There is a tendency throughout the earlier chapters to draw upon theoretical perspectives that are arguably out-dated in the field of critical animal studies, such as Descartes’s Animals are Machines and Jeremy Bentham’s early work on animal rights. Often, the authors rely on more simplistic binary arguments to construct their theses, such as in chapter 2, which maps ecofeminism onto Greek myth by emphasising femininity and womanhood without contemplating the essentialist nature of this binary. Aligning women with nature in this way risks enforcing dualisms of femininity/masculinity, nature/culture and human/animal that ecofeminism theorists such as Carol J. Adams have reiterated are the antithesis of ecofeminist aims. Rather, ecofeminism addresses the problem of these value dualisms and challenges the hierarchies such dualisms enforce. Indeed, chapter 9 responds to the question of holding femininity and masculinity in a binary with nature/culture that I posed in relation to chapter 2, as Özlem Karadaǧ argues that increased urbanisation of our environment means that ‘urbanity is taking over nature,’ thus erasing ‘the opposition that creates or defines what is urban’ (137).
However, in the later chapters, the originality of the research flourishes. Chapters 7 and 9 in particular push their analysis beyond more binary forms of analysis to provide nuanced arguments surrounding anthropocentrism and the work of theorists such as Val Plumwood, Donna Haraway and Josephine Donovan in a move towards responsibility and care. The inclusion of these theorists, combined with the effective responses the later chapters develop from these more contemporary and nuanced critical materials, shapes the second half of the book into an effective meditation on how we might develop the ‘interconnectedness’ that the editors of the collection emphasise.
There were moments in the collection where I felt the authors could have pushed their critical engagement further or considered different theoretical approaches. For example, Helen Tiffin and Graham Huggan’s Postcolonial Ecocriticism could be usefully deployed in the introduction and throughout the collection to contextualise Environment and Fiction within this field of literary environmental criticism; however, their work is only momentarily referenced in relation to Son Ada in chapter 4. In addition, in the discussions surrounding patriarchy and structural inequalities that similarly effect women and animals in chapters 5 and 9, Derrida’s ‘“Eating Well”, or the Calculation of the Subject’ would work well to emphasise the carnophallogocentric system that upholds both androcentrism and anthropocentrism, which the authors refer to. Moreover, the repeated references to Val Plumwood throughout the chapters were often fleeting and could have better engaged with her arguments regarding the fallacy of human exceptionalism and the consequent dominion of nature. Finally, further contemplation of both the critical field of animal representation and the politics of representation in the texts themselves would boost the critical relevance of this collection. For instance, drawing upon similar texts, such as Timothy C. Baker’s Writing Animals: Language, Suffering, and Animality in Twenty-First-Century Fiction and Mario Ortiz Robles’ Literature and Animal Studies, would significantly advance this collection by helping to situate it within a critical field from which it did feel quite detached due to limited theoretical engagement.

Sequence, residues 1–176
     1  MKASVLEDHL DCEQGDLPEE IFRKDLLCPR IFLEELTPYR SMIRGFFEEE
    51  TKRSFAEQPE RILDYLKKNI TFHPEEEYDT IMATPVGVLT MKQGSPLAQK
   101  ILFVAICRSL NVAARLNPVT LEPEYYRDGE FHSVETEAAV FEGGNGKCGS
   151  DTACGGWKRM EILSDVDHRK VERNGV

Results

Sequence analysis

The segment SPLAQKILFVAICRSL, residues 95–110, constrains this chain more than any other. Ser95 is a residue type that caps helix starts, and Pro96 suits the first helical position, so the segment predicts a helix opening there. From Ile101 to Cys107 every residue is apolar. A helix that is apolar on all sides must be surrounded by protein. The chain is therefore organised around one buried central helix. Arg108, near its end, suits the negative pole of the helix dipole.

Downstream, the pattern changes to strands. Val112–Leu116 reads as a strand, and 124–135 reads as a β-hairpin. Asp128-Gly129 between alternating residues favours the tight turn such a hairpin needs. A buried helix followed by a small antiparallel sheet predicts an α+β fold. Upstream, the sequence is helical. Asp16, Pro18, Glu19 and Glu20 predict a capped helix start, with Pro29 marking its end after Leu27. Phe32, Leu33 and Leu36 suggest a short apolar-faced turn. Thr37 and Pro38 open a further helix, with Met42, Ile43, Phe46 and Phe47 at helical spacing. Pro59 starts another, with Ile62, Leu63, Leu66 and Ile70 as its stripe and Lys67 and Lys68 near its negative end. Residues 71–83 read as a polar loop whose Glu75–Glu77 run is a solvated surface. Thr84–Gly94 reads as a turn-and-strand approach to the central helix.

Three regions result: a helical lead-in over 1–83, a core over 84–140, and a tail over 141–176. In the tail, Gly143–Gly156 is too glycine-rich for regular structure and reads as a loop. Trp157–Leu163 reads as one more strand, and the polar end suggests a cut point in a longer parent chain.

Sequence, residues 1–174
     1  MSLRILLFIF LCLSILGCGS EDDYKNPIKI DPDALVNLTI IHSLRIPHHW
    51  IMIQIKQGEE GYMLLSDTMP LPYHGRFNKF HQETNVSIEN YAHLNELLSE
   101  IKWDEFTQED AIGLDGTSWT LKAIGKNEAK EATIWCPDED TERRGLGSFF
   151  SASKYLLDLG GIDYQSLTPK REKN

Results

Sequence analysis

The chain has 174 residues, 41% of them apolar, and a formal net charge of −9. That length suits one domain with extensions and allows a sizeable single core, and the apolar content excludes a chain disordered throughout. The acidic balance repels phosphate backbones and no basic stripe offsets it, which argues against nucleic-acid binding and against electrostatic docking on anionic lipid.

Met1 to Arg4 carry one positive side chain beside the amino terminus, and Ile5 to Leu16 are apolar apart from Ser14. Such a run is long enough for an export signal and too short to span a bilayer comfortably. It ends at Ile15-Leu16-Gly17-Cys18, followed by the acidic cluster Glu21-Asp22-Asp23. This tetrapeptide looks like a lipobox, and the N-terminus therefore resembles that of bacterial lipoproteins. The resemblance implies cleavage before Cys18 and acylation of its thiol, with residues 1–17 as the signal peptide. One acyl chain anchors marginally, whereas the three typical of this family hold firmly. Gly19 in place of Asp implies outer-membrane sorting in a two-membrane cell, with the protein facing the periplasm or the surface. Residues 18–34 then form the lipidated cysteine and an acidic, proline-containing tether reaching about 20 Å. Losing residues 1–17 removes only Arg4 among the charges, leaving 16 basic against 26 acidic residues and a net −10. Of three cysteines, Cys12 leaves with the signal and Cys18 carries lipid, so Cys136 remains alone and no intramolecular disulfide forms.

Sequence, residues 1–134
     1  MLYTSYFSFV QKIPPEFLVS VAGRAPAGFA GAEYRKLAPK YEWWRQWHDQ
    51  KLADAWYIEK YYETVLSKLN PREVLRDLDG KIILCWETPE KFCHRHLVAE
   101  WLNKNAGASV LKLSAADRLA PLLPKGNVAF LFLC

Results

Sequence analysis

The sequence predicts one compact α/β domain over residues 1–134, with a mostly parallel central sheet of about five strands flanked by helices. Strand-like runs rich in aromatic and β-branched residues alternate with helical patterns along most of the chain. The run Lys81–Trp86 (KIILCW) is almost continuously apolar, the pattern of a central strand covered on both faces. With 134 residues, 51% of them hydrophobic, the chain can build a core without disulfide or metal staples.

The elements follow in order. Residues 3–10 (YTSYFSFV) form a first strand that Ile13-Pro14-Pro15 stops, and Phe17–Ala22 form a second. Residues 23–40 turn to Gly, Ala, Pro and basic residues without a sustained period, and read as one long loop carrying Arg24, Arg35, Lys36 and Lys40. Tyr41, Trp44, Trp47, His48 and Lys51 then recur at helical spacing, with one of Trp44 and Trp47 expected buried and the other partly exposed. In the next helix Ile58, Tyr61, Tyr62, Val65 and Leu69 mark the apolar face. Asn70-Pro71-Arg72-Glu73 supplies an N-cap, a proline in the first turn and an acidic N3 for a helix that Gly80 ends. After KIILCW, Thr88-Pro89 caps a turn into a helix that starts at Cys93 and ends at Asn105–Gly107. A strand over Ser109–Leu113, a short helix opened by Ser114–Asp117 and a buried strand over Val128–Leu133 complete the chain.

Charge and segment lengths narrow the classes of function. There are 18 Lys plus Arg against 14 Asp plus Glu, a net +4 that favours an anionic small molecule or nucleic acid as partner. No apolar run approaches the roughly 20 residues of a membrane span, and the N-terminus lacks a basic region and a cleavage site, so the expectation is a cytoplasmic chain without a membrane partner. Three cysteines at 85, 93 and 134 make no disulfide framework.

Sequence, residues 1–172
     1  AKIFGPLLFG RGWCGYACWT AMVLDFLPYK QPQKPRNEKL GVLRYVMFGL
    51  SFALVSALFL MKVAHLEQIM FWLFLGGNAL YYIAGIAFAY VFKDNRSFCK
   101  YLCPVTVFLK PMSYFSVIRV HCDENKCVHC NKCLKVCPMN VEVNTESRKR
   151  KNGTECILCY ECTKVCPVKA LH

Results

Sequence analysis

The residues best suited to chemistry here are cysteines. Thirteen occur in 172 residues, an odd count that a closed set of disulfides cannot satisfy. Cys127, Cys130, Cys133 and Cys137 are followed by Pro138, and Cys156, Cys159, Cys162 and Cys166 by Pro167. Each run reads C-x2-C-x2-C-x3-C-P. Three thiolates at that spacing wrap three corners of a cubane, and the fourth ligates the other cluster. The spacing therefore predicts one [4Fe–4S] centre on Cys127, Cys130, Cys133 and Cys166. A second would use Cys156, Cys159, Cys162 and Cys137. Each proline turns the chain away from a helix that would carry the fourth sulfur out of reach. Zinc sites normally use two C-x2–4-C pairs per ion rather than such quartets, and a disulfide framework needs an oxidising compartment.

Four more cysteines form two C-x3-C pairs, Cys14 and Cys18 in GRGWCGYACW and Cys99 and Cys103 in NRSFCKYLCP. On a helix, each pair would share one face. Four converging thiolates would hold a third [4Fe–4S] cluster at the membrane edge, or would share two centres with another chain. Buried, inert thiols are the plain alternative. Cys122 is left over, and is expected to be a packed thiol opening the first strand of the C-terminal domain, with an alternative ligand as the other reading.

Ultimately, however, Environment and Fiction does put forward a convincing argument regarding the immediacy of re-evaluating our relationship with the environment around us and the non-human animals that inhabit it. Moreover, the collection convincingly demonstrates the influence that literary representations have on cultural understandings of animals, reinforcing the importance of moving away from anthropocentric representations. By drawing on a wide breadth of literature and film, the collection builds towards a consensus that literature holds the propensity to heal the relationship between humans and their environment because it provides a space for thinking through and reframing the politics of species relations. Through literature, we might re-imagine stories of human–animal relations built upon empathy and care. Environment and Fiction effectively demonstrates the global relevance of this issue and the need to embrace interconnectedness as the key concept in redefining interspecies relations.
Alice Higgs, University of Sheffield